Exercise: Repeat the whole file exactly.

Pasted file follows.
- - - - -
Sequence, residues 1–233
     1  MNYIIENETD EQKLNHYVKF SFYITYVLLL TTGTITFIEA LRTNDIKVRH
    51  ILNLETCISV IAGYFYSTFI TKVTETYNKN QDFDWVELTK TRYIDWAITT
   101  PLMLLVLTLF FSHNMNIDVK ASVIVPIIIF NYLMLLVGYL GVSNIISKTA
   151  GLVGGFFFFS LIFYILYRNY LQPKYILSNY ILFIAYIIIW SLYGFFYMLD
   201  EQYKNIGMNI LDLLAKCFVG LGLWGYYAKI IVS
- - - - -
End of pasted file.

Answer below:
Sequence, residues 1–233
     1  MNYIIENETD EQKLNHYVKF SFYITYVLLL TTGTITFIEA LRTNDIKVRH
    51  ILNLETCISV IAGYFYSTFI TKVTETYNKN QDFDWVELTK TRYIDWAITT
   101  PLMLLVLTLF FSHNMNIDVK ASVIVPIIIF NYLMLLVGYL GVSNIISKTA
   151  GLVGGFFFFS LIFYILYRNY LQPKYILSNY ILFIAYIIIW SLYGFFYMLD
   201  EQYKNIGMNI LDLLAKCFVG LGLWGYYAKI IVS